* Disease first appeared in central cocoa belt in 2003
* Researchers and farmers say it has since expanded its reach
* Impact being masked by expanding number of plantations
Swollen shoot disease is pushing deep into Ivory Coast's primary cocoa-growing regions despite government efforts to combat it and could hurt output from the world's top grower over the long term.
In the decade since it struck the centre-west growing regions, the disease has spread to 12 percent of all Ivorian cocoa farms, the government says. For now, experts say the impact on output is being masked by production from new plantations.
"It's progressing without a doubt," said Francois Ruf, an economist with French agricultural research centre CIRAD.
"It's already been devastating around Gagnoa, Guitry, Fresco and outside the Tai national park as well," he said, describing an area that straddles some of Ivory Coast's most productive cocoa farmland in the southwest.
The viral disease, first identified in neighbouring Ghana in the 1930s, causes a drastic reduction in yields in the first season following infection and then typically kills trees within a few years.
When it emerged in the centre-west region, the disease soon killed off 8,600 hectares of cocoa in Sinfra and Bouafle, leading to a 66 percent drop in output there, Ivorian authorities said.
It has since also been found near Issia, in the Daloa region that accounts for a quarter of the Ivorian crop, according to the cocoa marketing board, CCC.
Farmers said the disease was also gaining ground in the east along the border with Ghana, an area known for producing high-quality cocoa.
"We started seeing it two years ago. In the beginning, I didn't know what it was," said Noudoun Silue, who farms eight hectares near the western town of Duekoue. "We had to cut down the sick trees so the others wouldn't be contaminated."
The CCC in 2008 started a project to map the affected zones, which is still unfinished. Its preliminary surveys show the disease has affected 12 percent of cocoa farms across Ivory Coast, the government said.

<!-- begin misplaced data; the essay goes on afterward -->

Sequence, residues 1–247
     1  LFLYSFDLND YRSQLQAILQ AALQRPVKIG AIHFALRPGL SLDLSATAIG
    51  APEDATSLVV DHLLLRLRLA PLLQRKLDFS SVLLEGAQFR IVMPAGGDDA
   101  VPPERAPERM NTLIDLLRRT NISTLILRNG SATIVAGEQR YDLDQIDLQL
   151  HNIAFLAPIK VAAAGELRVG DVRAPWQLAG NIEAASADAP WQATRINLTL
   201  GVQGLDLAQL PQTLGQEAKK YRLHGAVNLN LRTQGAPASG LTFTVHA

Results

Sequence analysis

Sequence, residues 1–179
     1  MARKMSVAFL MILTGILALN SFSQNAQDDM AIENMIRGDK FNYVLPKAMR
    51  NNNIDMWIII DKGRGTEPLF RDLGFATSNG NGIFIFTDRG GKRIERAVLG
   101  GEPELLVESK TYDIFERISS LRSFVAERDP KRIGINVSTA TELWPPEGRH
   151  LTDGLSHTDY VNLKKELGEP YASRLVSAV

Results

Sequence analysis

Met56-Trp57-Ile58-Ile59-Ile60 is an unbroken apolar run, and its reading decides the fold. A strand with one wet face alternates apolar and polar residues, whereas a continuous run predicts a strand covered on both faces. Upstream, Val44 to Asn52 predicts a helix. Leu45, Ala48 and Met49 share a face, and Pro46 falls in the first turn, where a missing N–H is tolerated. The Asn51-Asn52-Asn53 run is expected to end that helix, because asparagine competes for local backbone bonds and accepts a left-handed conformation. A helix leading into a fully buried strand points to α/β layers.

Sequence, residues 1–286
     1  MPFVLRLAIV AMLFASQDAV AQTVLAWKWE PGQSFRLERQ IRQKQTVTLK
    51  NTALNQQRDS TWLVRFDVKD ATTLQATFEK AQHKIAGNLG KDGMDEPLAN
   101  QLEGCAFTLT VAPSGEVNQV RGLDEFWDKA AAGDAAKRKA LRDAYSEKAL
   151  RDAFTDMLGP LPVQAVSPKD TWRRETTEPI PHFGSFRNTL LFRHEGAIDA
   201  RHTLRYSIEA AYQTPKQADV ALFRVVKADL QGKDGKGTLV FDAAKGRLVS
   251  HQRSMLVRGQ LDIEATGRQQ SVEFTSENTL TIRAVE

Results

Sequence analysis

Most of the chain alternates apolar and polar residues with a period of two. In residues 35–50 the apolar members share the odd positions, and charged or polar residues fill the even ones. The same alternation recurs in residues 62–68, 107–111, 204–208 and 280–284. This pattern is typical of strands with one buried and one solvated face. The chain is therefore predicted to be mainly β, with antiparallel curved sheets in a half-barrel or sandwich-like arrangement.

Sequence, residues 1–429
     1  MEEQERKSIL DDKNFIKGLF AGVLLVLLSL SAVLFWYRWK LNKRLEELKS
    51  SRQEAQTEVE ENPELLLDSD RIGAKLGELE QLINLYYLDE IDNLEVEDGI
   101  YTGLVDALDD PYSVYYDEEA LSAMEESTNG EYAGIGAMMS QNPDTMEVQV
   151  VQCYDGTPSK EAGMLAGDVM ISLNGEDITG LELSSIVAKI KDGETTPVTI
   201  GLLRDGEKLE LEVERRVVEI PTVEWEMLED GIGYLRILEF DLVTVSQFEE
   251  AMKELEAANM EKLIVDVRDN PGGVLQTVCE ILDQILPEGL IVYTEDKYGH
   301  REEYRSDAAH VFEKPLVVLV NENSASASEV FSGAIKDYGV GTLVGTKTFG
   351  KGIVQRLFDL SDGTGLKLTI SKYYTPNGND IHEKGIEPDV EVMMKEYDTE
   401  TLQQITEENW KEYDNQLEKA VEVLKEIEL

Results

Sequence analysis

An Ivorian agronomist, who is involved in the study but asked not to be named, said that around 150,000 hectares of Ivory Coast's 2.5 million hectares of cocoa farms are either threatened or have already been destroyed.
Ivory Coast produces nearly 40 percent of the world's cocoa.
PRODUCTION TO FALL?
Hoping to fend off an epidemic like the one that destroyed nearly 200 million trees in Ghana in the 1940s, Ivory Coast said last year it was seeking 46 billion CFA francs ($92.6 million) from international agencies to help fight the disease.
"It's true that there are risks. Production could fall, but not in a drastic way," said Jeremie Kouassi, head of the national agricultural research centre in Abengourou region.
CIRAD's Ruf said that, for now, extra beans from new plantations have masked the real impact of the disease on Ivorian cocoa output.
Little undeveloped farmland remains in the cocoa belt, however, and the government has pledged to clear farmers out of protected forest reserves, which have been used to plant some of the newest farms.
"If the effects of the creation of new plantations fade, production in Ivory Coast will recede, partly due to swollen shoot," Ruf said.
While researchers are working to develop new varieties of cocoa capable of resisting swollen shoot infection, for now farmers are forced to chop down infected trees to save their plantations and those of neighbours.
But it is a difficult decision to make.
And rather than replant and risk another infection years down the line, many farmers choose to abandon cocoa entirely in favour of less vulnerable crops such as rubber.
"At first I thought someone had cursed me ... Soon I'd lost 20 hectares," said cooperative manager N'Dri Kouao, who farms in Ambeyenou, 12 km north of the eastern border town of Niable.
"The (rural development) agents asked me to replant with new, more resistant varieties. But I'm afraid. I'm going to plant rubber instead," he said. ($1 = 497.0310 CFA francs)